• Two retrospectively tested and confirmed cases in Jordan in April 2012 have increased the geographical area in which transmission has occurred. The two fatal cases were part of a cluster of 11 patients with respiratory symptoms linked to a hospital, but the limited information available about this outbreak does not allow for an assessment of whether any human-to-human transmission occurred or whether the cases in this cluster had the same cause.
  • Healthcare workers should be alerted to the possibility of attending to patients who meet the WHO case definition. Such cases should be investigated rapidly and managed according to WHO recommendations or national guidance documents.
  • The new WHO recommendations for the investigation of patients favour the investigation of patients returning from the Arabian Peninsula or its neighbouring countries, but do not exclude the testing of patients with unexplained pneumonia in the absence such travel.
  • Healthcare workers caring for patients under investigation should exercise stringent infection control measures as indicated by national or international guidance. Similarly, health professionals engaged in the medical evacuation of patients presenting with acute respiratory distress syndrome (ARDS) should be particularly vigilant, especially if patients originate from the Arabian Peninsula or its neighbouring countries.
  • Testing for the novel coronaviruses should be considered in patients undergoing medical evacuation for ARDS prior to their transfer out of the Arabian Peninsula or its neighbouring countries. All public and private hospitals and private healthcare facilities should test patients on admission for the novel coronaviruses if they present with ARDS and have been medically evacuated from the Arabian Peninsula or its neighbouring countries. Referring providers should inform the recipient hospital if testing for novel coronavirus has been performed.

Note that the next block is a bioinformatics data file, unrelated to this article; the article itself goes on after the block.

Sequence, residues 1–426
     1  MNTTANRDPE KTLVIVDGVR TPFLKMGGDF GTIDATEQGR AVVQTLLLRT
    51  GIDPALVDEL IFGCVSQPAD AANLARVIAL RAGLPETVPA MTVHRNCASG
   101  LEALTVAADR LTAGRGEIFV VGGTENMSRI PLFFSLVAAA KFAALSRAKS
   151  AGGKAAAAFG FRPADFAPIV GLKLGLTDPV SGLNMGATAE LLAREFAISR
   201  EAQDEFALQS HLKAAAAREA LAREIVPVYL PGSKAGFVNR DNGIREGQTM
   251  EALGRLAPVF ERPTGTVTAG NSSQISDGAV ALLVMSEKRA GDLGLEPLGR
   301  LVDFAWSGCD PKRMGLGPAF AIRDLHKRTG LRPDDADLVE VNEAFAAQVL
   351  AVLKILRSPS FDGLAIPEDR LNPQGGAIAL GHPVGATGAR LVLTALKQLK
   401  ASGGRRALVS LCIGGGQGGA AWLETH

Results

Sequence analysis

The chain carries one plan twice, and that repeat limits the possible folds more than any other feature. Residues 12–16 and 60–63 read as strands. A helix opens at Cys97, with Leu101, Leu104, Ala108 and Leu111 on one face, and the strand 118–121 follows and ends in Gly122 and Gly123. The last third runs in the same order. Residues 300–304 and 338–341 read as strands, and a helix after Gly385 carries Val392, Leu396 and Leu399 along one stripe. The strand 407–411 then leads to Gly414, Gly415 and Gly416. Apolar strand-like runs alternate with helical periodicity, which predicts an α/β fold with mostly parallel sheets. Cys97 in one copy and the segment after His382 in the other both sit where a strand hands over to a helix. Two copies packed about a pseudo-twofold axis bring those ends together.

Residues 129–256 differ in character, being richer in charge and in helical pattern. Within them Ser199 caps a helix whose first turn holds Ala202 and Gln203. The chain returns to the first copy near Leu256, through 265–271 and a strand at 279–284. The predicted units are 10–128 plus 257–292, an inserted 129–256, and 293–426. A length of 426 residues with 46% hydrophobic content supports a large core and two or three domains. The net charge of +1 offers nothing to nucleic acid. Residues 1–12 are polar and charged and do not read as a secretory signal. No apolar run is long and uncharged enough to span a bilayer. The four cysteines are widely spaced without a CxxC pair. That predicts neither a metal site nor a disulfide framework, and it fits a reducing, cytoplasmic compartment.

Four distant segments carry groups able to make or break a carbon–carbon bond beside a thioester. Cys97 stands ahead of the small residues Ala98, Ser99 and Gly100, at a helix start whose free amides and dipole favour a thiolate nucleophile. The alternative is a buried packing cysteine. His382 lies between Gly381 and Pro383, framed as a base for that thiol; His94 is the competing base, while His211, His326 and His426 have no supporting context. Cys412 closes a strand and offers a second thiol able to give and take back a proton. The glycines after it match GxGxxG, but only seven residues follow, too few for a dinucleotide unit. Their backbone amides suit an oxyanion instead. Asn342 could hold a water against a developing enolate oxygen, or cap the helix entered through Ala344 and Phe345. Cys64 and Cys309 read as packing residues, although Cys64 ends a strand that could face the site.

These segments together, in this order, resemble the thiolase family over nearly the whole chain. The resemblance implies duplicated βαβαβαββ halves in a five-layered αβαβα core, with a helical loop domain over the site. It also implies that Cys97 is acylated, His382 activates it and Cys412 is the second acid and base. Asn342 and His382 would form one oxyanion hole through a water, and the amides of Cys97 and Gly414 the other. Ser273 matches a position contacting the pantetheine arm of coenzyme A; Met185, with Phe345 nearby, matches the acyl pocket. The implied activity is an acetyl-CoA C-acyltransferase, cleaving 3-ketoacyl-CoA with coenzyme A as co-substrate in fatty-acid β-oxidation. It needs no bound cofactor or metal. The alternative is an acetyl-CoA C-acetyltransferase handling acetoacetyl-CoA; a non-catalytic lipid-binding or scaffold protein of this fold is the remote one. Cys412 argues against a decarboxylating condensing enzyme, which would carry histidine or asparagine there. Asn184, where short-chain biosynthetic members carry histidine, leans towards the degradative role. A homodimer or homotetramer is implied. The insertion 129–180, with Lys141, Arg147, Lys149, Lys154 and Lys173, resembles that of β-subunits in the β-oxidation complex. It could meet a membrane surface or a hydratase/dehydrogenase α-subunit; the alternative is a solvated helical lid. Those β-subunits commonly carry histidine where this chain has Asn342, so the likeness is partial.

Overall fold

• Healthcare workers caring for confirmed cases should be monitored for early symptoms of infection. This includes healthcare workers who provided direct clinical or personal care, or performed examination of the cases while they were symptomatic. Close contacts of confirmed cases must be monitored for symptoms as well.
  • Any probable or confirmed case diagnosed in the EU/EEA should be reported to national authorities through the Early Warning and Response System (EWRS) and to WHO under the International Health Regulations (2005). Reporting through EWRS allows for an automatic IHR notification and avoids double reporting.
  • Patients still under investigation do not need to be reported internationally before confirmation. However, notification at state and national levels needs to follow national legislation or guidance to allow the implementation of infection control measures, initiation of outbreak investigation, and epidemiological monitoring.
  • A specific serological test and seroepidemiological studies are needed to investigate the occurrence of mild and asymptomatic infections.
  • ECDC endorses WHO's travel advice and does not advise any travel or trade restrictions for Saudi Arabia or Qatar.
  • WHO and ECDC re-emphasise the importance of timely and thorough investigations; this includes the reporting of any clusters of severe acute respiratory infections in the community or in healthcare workers, regardless of where in the world they occur.